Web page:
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Almost Home

Almost Home: Reforming Home and Community Care in Ontario

Copyright Date: 2004
Pages: 350
  • Book Info
    Almost Home
    Book Description:

    Almost Homeis a rich and comprehensive study of the policy questions underlying the shift in medical care from hospitals to homes and communities, a change that is reshaping Canadian health care policy and politics. Using document analysis, and interviews with government officials and other key stakeholders in the policy community, the authors analyze the policy content and process of five different attempts to reform home and community care in Ontario between 1985 and 1996, as introduced by governments from three different political parties.

    As this study demonstrates, the ongoing shift from the Medicare 'mainstream' of physician and hospital care to the Medicare 'margins,' entails not only a shift in the site of care but an erosion of the post-war state's role in health care. While Medicare continues to resist political and ideological forces aimed at shrinking the state's role, cost constraints, demographic pressures and technological advancements are increasing pressure on home and community care.

    The authors have made a significant contribution to research on policy development and change. Their rigorously analytical approach fills a major gap in book-length literature on long-term health care in Canada.

    eISBN: 978-1-4426-7075-4
    Subjects: Health Sciences

Table of Contents

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  1. Front Matter
    (pp. i-vi)
  2. Table of Contents
    (pp. vii-xii)
  3. Acknowledgments
    (pp. xiii-xiv)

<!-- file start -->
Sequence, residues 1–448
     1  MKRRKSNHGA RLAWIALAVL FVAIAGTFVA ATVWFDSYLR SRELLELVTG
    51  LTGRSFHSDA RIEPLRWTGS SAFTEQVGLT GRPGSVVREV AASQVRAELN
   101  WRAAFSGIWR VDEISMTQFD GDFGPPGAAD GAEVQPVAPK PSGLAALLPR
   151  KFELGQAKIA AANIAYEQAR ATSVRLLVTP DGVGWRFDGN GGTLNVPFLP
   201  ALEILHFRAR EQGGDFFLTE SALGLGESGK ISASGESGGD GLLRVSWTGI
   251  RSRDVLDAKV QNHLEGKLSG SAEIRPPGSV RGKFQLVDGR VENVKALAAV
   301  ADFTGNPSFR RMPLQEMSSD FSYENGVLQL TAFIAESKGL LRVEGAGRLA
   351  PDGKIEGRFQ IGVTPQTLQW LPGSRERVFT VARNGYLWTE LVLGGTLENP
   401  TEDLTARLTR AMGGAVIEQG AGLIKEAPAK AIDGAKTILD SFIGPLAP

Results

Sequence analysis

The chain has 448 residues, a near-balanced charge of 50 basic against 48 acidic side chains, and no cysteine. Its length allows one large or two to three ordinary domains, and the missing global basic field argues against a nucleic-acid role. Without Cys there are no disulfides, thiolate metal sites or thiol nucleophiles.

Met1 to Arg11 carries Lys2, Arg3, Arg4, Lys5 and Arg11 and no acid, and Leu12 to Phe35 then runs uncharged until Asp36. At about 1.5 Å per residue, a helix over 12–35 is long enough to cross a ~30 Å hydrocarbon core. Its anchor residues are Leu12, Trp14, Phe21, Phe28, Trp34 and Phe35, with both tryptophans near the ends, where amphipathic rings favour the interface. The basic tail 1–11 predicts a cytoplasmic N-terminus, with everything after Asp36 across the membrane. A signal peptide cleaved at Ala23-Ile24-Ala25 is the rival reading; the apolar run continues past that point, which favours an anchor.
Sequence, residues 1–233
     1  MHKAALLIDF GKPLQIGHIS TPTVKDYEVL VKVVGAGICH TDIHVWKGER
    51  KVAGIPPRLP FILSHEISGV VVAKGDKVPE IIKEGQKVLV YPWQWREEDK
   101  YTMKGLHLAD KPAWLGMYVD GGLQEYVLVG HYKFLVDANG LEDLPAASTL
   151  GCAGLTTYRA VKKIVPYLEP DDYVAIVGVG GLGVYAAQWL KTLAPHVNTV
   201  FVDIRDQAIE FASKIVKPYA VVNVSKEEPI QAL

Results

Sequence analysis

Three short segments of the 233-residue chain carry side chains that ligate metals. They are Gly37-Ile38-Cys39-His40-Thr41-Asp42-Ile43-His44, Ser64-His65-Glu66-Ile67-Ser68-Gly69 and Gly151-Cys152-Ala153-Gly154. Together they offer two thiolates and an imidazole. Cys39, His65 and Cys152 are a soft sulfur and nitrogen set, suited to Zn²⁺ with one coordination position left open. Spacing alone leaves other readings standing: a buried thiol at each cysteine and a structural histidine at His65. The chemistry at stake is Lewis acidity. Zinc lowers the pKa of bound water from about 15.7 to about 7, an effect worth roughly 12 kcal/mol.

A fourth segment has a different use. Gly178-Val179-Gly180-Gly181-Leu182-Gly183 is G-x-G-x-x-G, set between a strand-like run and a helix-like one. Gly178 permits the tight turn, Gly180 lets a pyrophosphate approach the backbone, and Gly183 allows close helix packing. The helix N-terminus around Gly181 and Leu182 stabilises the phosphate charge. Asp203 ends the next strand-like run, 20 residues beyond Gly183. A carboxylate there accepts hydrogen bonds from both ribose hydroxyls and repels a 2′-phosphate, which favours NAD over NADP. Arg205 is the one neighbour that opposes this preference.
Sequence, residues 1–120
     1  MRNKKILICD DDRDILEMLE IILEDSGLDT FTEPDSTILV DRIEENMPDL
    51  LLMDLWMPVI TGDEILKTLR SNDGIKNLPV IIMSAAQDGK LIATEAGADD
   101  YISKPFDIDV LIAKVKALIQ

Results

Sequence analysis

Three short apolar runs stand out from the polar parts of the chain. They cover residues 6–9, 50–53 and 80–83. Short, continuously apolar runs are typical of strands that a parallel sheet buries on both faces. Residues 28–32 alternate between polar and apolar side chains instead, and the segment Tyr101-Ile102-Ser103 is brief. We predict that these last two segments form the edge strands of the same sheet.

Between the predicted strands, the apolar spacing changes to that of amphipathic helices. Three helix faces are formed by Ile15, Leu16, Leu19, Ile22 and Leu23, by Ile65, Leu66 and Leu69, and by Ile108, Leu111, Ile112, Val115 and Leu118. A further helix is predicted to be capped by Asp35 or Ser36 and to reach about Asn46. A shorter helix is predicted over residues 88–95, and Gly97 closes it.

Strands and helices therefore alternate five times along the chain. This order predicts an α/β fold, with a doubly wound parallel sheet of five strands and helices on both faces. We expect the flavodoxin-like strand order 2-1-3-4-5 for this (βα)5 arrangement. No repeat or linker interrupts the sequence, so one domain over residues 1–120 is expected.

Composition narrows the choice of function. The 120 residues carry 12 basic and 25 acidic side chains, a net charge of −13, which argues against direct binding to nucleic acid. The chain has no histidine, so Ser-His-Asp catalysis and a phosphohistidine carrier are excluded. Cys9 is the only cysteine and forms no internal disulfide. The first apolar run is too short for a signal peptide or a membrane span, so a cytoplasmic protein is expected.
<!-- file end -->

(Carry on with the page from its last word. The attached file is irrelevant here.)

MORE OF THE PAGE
4. Abbreviations
    (pp. xv-2)
  5. CHAPTER ONE Introduction and Overview
    (pp. 3-18)

    Hospitals are changing; care is increasingly occurring outside hospital walls in outpatient clinics, offices, and even in people’s homes (Canadian Home Care Association, 1998; Canadian Institute for Health Information, 2000; Hospital Report Research Collaborative, 2001; Shamian and Lightstone, 1997; Sheps et al., 2000). The Federal-Provincial-Territorial Advisory Committee on Health Services Working Group on Continuing Care has defined home care as ‘an array of services which enables clients, incapacitated in whole or in part, to live at home, often with the effect of preventing, delaying, or substituting for long-term care or acute care alternatives’ (Dumont-Lemasson et al., 1999).

    But the home...

  6. CHAPTER TWO Conceptual Framework
    (pp. 19-48)

    From the ‘brokerage’ proposals of the politically moderate Peterson Liberals, to the centralized ‘command and control’ approach of the socialist-leaning New Democratic Party (NDP) under Bob Rae, to the ‘managed competition’ reform of the market-oriented Mike Harris Progressive Conservative (PC) Party, the series of reform initiatives analysed in this book involved substantially different and often contradictory decisions about how community-based long-term care (LTC) services should be funded and delivered. Two sets of questions arise.

    From the perspective of the policy analyst trying to develop optimal models for financing and delivering services and mechanisms for allocating resources, it is important to...

  7. CHAPTER THREE Research Methodology: The Case Study Approach
    (pp. 49-58)

    Data-gathering techniques cannot be divorced from theoretical orientations (Berg, 1998). Certain problems lend themselves to certain forms of enquiry; in turn, the sort of data collected influences the sort of questions that can be asked. In this study we examined the influence of ideas, institutions, and interests on LTC reform. The purpose was to understand more clearly the reasons for the shifts in ‘design decisions’ about financing, delivery, and allocation reflected in the successive reform proposals and how they related to the ideas and interests that were expressed by stakeholders regarding reform. To do so, we employed a particular qualitative...